It is the oldest and most important of the museum Tunisia. More than a century ago, is the first museum established in the place of the palace Beylical, for the most part built in the mid XIXth century, and which has retained all the features of a prince who lived here. It underwent several renovations to adapt to the expanding collection and the ever-increasing flow of visitors, but today it is undergoing a major restructuring plan to improve the visibility and legibility.
Thousands of objects originating from excavations conducted throughout the country during the XIXth and XX centuries are on display. It is divided into departments between fifty or more rooms and galleries, which describes the various stages of the history of Tunisia, from prehistoric times until the middle of the last century, which chronologically is prehistoric, period-Libyic Punic, Roman and early Christian period, the Vandal and Byzantine era and finally, the Islamic period running to contemporary times.
Thanks to the collection of mosaic, Bardo museum has gained an international reputation for the richest, most varied and most refined collections. Among the best bits of holding a representation of Virgil surrounded by muses, or sidewalk Ikarios Dionysos give the gift of the vine, or else celebrating the victory of Neptune, to mention just a few of the key exhibits. But this is not just a museum assets.
Among Bardo main exhibition is “hermaion”, an altar dating to the Mousterian period (-40 000 years) is considered as one of the very beginning of human spiritual expression: a cone-shaped pile 75cm high and 1.50 m wide, consisting of more than 4000 pieces of stone, bone and lime ball.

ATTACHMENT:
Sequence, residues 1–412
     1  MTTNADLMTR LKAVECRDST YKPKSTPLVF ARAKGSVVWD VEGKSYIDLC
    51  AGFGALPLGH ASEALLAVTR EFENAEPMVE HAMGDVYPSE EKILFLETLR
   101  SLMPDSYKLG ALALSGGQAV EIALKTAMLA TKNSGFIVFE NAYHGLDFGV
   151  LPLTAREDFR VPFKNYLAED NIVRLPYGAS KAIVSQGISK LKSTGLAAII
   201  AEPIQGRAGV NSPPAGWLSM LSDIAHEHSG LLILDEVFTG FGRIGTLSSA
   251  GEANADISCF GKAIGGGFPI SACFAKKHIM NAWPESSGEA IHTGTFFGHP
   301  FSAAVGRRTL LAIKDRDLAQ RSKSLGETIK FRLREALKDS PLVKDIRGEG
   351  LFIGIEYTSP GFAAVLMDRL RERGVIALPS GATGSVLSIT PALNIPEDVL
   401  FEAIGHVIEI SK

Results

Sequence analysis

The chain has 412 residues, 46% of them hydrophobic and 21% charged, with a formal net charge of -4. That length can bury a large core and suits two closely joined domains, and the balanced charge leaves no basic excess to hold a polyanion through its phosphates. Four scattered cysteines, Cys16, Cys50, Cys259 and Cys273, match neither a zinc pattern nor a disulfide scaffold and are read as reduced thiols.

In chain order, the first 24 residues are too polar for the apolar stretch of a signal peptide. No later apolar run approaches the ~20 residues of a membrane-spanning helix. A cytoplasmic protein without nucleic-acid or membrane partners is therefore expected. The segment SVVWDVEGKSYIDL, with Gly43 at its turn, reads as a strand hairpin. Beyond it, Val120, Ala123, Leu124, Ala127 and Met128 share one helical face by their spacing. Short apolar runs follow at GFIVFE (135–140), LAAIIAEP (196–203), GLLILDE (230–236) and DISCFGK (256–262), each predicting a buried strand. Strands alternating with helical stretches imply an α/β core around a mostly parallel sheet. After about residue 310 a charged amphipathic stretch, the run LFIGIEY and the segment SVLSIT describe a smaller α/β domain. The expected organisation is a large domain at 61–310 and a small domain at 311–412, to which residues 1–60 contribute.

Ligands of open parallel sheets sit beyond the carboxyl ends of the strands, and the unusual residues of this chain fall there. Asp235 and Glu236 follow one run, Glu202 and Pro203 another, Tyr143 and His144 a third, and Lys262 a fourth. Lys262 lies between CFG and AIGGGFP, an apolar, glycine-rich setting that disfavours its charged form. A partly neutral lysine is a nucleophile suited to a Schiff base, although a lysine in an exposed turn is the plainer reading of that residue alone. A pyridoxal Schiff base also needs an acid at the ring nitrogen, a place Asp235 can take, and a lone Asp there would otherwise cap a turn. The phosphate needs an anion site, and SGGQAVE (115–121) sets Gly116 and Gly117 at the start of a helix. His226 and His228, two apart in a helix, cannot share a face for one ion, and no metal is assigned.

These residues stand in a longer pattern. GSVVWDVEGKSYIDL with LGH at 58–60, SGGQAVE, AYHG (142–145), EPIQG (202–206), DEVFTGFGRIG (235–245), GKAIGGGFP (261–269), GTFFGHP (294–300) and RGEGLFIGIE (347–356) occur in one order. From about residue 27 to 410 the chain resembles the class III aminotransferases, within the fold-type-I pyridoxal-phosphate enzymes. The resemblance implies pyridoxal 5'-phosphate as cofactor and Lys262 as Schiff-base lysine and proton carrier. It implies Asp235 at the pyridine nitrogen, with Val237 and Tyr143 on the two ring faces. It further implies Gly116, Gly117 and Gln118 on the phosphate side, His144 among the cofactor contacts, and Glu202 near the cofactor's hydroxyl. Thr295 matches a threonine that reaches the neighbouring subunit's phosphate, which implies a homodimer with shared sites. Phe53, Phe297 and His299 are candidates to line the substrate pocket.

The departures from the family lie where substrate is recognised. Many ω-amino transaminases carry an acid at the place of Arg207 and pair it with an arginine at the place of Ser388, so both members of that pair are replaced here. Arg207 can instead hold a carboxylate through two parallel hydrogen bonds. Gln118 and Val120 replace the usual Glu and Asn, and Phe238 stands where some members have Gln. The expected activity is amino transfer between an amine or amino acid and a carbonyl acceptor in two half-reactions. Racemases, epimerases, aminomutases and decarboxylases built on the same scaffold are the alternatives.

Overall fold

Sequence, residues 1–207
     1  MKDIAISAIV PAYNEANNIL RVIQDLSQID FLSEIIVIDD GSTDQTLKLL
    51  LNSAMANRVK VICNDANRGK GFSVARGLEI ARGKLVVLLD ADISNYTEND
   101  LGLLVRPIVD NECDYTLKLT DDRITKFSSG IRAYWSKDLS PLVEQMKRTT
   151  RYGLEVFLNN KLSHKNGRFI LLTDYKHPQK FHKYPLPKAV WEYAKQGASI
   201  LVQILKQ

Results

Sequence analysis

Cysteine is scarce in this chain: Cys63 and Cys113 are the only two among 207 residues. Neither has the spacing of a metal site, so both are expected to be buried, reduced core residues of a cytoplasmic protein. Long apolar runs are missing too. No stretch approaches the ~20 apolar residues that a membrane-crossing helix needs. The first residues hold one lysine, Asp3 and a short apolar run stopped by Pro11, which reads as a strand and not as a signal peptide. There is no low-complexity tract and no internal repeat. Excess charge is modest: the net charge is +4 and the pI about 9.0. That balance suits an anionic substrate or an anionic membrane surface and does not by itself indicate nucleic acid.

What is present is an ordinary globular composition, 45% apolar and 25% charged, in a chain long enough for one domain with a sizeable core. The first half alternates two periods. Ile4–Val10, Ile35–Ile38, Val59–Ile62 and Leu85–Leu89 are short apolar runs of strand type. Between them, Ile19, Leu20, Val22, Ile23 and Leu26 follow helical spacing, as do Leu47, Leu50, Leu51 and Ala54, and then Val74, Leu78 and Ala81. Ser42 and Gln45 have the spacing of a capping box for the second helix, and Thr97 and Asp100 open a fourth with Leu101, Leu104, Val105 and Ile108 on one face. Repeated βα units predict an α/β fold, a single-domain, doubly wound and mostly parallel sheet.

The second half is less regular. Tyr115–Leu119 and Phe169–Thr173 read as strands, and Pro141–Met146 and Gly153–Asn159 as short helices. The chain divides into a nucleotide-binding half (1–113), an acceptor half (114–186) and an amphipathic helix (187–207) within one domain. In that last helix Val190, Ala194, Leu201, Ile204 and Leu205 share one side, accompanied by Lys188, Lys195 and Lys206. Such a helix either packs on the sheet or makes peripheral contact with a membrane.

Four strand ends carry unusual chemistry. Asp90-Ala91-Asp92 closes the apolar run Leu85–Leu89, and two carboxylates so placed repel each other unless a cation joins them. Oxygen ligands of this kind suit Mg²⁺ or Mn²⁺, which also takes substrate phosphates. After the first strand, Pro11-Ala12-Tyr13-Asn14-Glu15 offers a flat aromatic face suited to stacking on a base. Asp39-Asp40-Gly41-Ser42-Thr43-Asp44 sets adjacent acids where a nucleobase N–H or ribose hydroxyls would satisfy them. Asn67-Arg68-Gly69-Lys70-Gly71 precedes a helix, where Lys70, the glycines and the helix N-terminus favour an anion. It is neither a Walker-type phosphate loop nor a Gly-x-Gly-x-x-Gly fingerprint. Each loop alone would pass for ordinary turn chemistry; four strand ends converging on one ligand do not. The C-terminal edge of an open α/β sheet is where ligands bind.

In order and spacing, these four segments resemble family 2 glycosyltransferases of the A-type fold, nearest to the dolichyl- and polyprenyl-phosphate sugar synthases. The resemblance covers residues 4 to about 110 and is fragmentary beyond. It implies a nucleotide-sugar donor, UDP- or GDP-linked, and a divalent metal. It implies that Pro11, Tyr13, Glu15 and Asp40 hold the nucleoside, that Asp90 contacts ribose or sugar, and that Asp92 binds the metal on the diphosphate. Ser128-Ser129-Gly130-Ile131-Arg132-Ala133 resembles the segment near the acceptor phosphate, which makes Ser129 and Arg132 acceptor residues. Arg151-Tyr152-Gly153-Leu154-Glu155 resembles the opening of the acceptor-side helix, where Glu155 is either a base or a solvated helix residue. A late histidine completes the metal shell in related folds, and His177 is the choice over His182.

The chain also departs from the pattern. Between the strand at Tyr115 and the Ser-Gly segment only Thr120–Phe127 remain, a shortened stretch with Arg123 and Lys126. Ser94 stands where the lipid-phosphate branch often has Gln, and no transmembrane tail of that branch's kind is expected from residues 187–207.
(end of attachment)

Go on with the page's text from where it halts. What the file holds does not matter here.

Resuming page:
From the Punic period no extraordinary solid gold armor belonging to a soldier Campanian, jewelry, inscription of a priest to bring a child to sacrifice and a lot of fine funerary furnishings originating from various Mediterranean countries belonging to the collection of Greek and Egyptian museum.
Greek collection was providentially enriched with underwater excavation carried out for 40 off the city of Mahdia, in the vent of a ship that sank during a storm around the first century and was carrying furniture and architectural elements to the Hellenistic era patrician dwelling. Among the works taken from the ocean floor is incredible 1,20m high bronze Agon.
Roman times has provided Bardo with most collections: mosaics, of course, but also sculpture, pottery, jewelry, coins, religious objects, utilitarian objects etc.
Islamic department, housed in the Arab-Islamic setting, wrap objects from various periods, manuscripts, jewelery, stone and wood carvings, utilitarian objects. Two small rooms, around a patio elegant, attaching objects that once belonged to the family rule and a third room contains Jewish religious objects.
The museum building was originally a 19th-century palace Bey, which is located in the suburbs of Tunis.
Bardo is one of the most important museums of the Mediterranean basin and the second in Africa after the Egyptian Museum. It traces the history of Tunisia for several thousand years and through many civilizations through various pieces of archeology. Located in a former palace, it offers many great works discovered since the beginning of archaeological research in this country. Originally called Alaoui Museum. name bey ruled at that time, has had its current name from the Bardo Museum is only since the country’s independence.
In addition to famous works such as Blue Koran from Kairouan, the Blue Qur’an, Islamic Department contains a collection of ceramics from North Africa and Asia Minor.
Bardo brings together one of the best and largest collection of Roman mosaics in the world thanks to the excavations carried out from the beginning of the 20th century at the archaeological site in the country, including Carthage, Hadrumetum, Dougga, or the Utica. Mosaic is a unique source for research on everyday life in Roman Africa. The museum also contains a rich collection of marble statues representing the gods and Roman emperors were found on various websites including from Carthage and Thuburbo Magi.
Bardo also has a rich pieces found during excavation Libyco-Phoenician sites including especially Carthage, although the National Museum of Carthage also has important collections. The main part of this Department grimacing masks, terracotta statues and inscriptions are the main draw for Semitic epigraphy, inscriptions of priests and most famous children